The chuckle that passed Aaro’s lips sent a spike of fear through River’s gut. The older man twisted River’s arm behind his back and shoved him into the nearest tree. Rough bark bit at River’s face. He hissed as Aaro pushed his arm further, stretching his shoulder to an uncomfortable angle. His heart thudded.
“Aaro, let me go.” His voice trembled.
Aaro laughed. “No can do, kid. I have my orders.”
River’s stomach clenched. “What?”
Susurrus exploded in his mind.
They’ve got you now!
You’re going back! Back!
You can’t escape.
River let out a strangled cry and thrashed against Aaro’s hold. Bark cut into his cheek and the scent of fresh blood flooded his senses. His vision blackened. Memories of blood washed over him. He swung his head back, knocking into Aaro’s shoulder.
“Sir?” a hesitant voice called.
“I have it under control,” Aaro said.
Blood, so much blood.
River’s vision cleared. Out of the corner of his eye, he caught a glimpse of his shoulder, free from the red stain. The sight calmed him a fraction, but he still needed to get away. Someone had sent Aaro to keep him from reaching the Léocas hearing, and he couldn’t allow that. He had to make it to this hearing.
If he could just get his arm free of Aaro’s crushing hold, he could—
Breathe, he reminded himself. Relax.
River twisted his hand and grabbed Aaro’s wrist. He pushed off the tree and stepped back at the same time, struggling a little under the other man’s weight. Still, he managed to get his foot between Aaro’s feet, then jabbed his elbow into Aaro’s gut and pushed against his chest with his shoulder. The grip on his arm loosened, and a spark of triumph lit inside him.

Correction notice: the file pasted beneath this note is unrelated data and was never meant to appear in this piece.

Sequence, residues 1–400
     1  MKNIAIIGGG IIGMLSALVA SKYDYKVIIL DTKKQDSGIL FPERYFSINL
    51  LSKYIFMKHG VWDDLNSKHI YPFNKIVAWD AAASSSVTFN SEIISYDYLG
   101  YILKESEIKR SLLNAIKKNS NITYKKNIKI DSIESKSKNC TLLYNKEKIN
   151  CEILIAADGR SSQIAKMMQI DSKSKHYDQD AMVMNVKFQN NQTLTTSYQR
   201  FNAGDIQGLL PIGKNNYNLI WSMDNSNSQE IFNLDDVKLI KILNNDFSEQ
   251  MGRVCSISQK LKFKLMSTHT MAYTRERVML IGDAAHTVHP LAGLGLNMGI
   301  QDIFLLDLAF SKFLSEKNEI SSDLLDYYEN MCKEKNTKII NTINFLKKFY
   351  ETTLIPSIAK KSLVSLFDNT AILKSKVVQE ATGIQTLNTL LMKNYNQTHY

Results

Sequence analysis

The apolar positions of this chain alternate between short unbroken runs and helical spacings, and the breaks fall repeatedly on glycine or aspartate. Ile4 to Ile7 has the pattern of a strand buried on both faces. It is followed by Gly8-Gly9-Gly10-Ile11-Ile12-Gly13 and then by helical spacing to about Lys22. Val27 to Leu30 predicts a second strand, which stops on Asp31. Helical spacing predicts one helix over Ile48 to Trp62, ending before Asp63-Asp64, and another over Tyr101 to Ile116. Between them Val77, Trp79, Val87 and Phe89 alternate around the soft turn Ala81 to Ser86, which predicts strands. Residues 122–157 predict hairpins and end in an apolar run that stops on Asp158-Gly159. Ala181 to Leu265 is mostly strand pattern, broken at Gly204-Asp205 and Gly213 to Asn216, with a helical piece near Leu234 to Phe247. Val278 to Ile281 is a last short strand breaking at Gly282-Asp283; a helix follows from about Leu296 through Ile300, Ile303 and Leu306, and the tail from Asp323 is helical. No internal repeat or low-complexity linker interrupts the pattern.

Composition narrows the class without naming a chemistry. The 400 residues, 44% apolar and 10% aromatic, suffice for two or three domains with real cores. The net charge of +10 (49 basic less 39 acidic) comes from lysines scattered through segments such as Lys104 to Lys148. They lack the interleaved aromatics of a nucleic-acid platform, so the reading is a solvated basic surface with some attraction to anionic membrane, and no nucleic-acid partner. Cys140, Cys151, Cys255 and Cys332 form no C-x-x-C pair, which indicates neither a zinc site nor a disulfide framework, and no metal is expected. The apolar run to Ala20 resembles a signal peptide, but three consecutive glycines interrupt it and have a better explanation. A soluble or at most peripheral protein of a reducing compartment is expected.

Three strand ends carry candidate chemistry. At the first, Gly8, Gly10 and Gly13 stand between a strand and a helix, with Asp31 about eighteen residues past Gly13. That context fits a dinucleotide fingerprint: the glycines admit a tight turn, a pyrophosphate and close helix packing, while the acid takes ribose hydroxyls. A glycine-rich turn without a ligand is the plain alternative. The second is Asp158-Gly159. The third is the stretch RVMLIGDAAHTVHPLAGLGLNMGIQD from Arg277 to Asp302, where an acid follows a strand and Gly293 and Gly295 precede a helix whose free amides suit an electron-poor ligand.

Fingers tangled into River’s hair. Pain bloomed through his head as Aaro smashed his face against the tree trunk, once, twice. River’s knees buckled. His nose and forehead throbbed. Aaro spun him around, and the world tilted. It took a moment, but River gathered himself and stared him down.
“Don’t make this hard, River.”
“I … have to … go,” River said.
Aaro crossed his arms over his chest. “Don’t move.”
River glanced to the right. He had to leave. Aaro’s wrath scared him far less than what the Léocas could do to him. He lunged, ready to run despite the pounding in his head, but the first step was his last.
A blast of fire caught River on the shoulder and threw him back. He rolled into a tree, his back smacking against the solid trunk. Aaro crouched in front of him. His expression had morphed into a hard mask, lips drawing into a tight line, brow furrowing, and hazel eyes blazing.
River cried out as Aaro grabbed him by the hair again and lifted him into a sitting position. The fingers touching his scalp burned with the aftershocks of Aaro’s fire.
“When will you learn?” Aaro asked.
River started to reply, but the words left him as Aaro banged his head against the tree.
“When?” he asked again.
Blood dripped down the side of River’s face. His eyes rolled, and darkness crept in around the edges of his vision. As he reached the brink of unconsciousness, Aaro’s voice drifted down to him, quiet and controlled.
“This is the will of the Eszéha.”
And as the darkness swallowed him, River believed it.
River woke with a stabbing pain in his head and his tongue stuck to the roof of his mouth. Dirt caked in blood formed a stiff crust that cracked as he moved. He sat against the tree for a few minutes, taking deep breaths and fighting off the tears that burned his eyes. This had been his last chance to go before the Léocas. He’d done so well on his probation, too. Managed to keep away from anyone who might pick a fight, followed his curfew, hadn’t gotten caught trying to swim across the tributary—he’d done everything they ordered.
He got to his feet and staggered to the water’s edge. Nausea gripped him as he fell to his knees. A deep breath calmed his rioting stomach, but as he cupped the water in his hands to wash his face, the glinting reflection of muted silver made his stomach revolt again. He vomited into the water, a sickening expulsion of bile. With shaking fingers, he touched the cold, smooth metal on his neck that transitioned to gnarled, raised scars at the base of his throat.
His touch sparked Susurrus’ awakening. Before the words cleared, he splashed away his vomit and dunked his head into the water. Somewhat cleaned of the dirt, he stood and started back through the Vadirlen Woods toward his house—home. No, not home. He touched the trees as he walked. The Vade was more of a home to him than his house would ever be.